A quick check on my phone revealed it was dedicated in 1934, and, after all, pretty cool, right? The Great Migration had seen the growth of big African-American communities in Philadelphia, New York, Chicago, Detroit, Cleveland and elsewhere. This monument would not wash away the stains of the race riots at the end of the First World War that brought horrendous violence to Black neighborhoods, driven by white hatred and rage. This was Pennsylvania's "thank you" to men who served in the segregated armed services not only in the Great War, but in the American Revolution, Civil War, Indian Wars, Spanish American War and the Philippine Insurrection. American expressions of gratitude to its Black citizens was rare enough, and a welcome and unexpected thing in 1934.
The soldiers are, naturally, all Black men. The sailors, too. But Justice? She's white. You should not be surprised to learn War, Liberty, Peace, and Plenty are all white, too. I've heard countless emotional arguments launched in the last two years about whether such a thing as "white privilege" exists. When asked, I sometimes reply by noting that to the extent it exists, it largely consists of beliefs unspoken, and assumptions unconsciously made, which is why the very idea of such privilege drives white people a little crazy. If it helps, imagine it as an invisible map, an overlay, a pattern outlined on the tangible landscape that stretches out from your own two feet. Some things just "are."
In 1934, justice, liberty, peace, and plenty were still strictly aspirations for most Black Americans. They had made war in the name of a country that promised they would have as good a shot at plenty as any other American, but too often was reluctant to follow through. Did the sculptor, a Swiss immigrant to the United States, ever think of Plenty as a woman who might have full lips, or a tight curl in her hair? Could Peace have the almond eyes and broad nose of a bronze head from Benin? Schweizer, born in Zurich during the Civil War, came to the US in his 30s, and won his reputation in the US sculpting war memorials, including seven on the Gettysburg battlefield alone.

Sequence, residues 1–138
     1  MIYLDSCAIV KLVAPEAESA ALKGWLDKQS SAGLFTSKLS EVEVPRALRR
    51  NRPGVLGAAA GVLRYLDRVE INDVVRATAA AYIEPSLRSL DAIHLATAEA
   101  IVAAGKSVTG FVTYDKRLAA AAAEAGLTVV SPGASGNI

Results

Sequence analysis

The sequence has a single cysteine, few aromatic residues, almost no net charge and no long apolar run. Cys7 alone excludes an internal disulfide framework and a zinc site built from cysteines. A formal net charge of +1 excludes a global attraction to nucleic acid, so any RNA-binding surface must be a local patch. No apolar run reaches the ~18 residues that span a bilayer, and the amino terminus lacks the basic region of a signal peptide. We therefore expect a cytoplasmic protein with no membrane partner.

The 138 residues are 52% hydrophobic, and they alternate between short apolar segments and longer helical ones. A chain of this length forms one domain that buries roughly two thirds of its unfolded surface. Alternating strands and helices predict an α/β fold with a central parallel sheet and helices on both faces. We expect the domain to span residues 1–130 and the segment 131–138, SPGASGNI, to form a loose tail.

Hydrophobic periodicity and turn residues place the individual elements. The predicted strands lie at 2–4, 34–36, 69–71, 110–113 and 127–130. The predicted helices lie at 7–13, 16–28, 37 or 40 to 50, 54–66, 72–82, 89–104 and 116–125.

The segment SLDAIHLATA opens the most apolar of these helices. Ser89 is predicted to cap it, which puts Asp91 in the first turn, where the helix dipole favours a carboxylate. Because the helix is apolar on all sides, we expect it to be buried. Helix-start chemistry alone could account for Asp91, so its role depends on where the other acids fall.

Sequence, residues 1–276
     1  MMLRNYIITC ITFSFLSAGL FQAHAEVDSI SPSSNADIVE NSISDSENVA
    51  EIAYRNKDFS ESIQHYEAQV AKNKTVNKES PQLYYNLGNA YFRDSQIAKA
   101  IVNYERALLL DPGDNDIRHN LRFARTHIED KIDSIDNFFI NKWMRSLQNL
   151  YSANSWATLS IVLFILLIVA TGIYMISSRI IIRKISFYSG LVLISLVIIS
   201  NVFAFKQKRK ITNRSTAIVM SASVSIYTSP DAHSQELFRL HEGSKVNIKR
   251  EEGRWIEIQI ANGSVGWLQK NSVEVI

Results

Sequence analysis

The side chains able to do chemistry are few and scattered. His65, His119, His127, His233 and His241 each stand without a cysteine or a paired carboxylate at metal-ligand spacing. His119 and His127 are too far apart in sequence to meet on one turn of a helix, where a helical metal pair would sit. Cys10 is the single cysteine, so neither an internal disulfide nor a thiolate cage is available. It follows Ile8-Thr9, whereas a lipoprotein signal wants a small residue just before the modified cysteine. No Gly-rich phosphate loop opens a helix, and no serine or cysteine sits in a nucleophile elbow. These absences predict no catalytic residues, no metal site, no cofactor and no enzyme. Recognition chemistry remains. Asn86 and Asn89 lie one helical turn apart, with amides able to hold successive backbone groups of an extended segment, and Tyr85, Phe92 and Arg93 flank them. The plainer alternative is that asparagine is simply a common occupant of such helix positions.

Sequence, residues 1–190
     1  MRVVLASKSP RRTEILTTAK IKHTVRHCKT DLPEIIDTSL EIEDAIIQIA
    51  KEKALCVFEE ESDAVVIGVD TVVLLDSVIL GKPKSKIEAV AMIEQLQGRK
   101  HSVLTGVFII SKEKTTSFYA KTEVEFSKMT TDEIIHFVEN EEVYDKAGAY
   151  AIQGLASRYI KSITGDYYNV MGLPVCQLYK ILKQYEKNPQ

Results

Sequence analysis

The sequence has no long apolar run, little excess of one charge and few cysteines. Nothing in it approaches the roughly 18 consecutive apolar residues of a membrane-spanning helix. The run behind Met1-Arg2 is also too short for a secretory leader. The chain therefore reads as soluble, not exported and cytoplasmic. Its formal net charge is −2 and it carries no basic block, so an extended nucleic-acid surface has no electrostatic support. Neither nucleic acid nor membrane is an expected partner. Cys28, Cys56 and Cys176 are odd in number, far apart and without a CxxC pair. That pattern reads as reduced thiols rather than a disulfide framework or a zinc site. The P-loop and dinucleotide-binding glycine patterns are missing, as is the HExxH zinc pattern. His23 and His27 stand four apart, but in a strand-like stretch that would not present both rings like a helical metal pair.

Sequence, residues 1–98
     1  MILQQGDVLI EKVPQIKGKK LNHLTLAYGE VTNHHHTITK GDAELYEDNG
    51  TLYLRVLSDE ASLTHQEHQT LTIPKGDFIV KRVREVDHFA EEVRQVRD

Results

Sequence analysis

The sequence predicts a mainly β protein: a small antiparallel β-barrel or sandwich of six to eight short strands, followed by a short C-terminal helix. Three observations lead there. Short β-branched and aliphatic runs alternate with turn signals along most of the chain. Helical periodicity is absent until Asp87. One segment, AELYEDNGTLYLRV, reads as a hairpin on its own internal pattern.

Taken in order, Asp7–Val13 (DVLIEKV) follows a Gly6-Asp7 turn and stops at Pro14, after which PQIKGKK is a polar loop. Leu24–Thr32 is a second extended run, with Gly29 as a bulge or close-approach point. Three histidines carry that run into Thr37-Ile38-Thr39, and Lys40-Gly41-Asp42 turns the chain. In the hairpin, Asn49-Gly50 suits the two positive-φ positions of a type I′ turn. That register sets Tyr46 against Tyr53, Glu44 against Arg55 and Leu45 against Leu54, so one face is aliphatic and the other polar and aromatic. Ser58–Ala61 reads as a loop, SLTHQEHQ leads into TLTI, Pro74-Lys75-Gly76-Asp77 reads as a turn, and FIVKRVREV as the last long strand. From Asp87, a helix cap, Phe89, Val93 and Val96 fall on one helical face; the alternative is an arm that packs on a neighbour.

Let's remember, an allegorical figure on a street in a big American city is purely a work of imagination. There was never an actual person "Peace," or "Liberty." In the visual language of the allegorical, these ideas could be rendered as any kind of woman. As long as "Plenty"'s playing the part, her ribs aren't poking out, or her sunken cheeks and hollowed eyes telling the opposite story, any well-fed woman will do.
In Philadelphia, in 1934, however, even imaginary women could not command too much imagination. Allegories, even those invented to honor Black men in uniform, were going to be white, even rendered in dark bronze. Were they made identifiably people of African descent, would it have been too much to bear for Philadelphia's then 2 million souls?
Today more black people live in Philadelphia than white ones. The war memorial seems a cultural relic, of a time now almost 90 years gone, when neither the sculptor, nor the commissioning sponsors could have imagined Black men fighting to protect a "Liberty" that had a face like theirs. At the same time, bronze is permanent. The mythical ladies on Franklin Boulevard will likely keep the faces they were born with, forever. And the "colored" soldiers and sailors will have to silently contemplate the promise of Justice, coming from the generous hands of a white person, forever.
Most Americans told the US Census Bureau last year they are white. But non-Hispanic whites as a share of America's overall population, and as an absolute number, declined over the last ten years. You may feel you have plenty on your plate already. In a browning America, you now have to add to the wealth gap, the wage gap, the education gap, the "statuary gap." That last one may be the hardest one of all to close.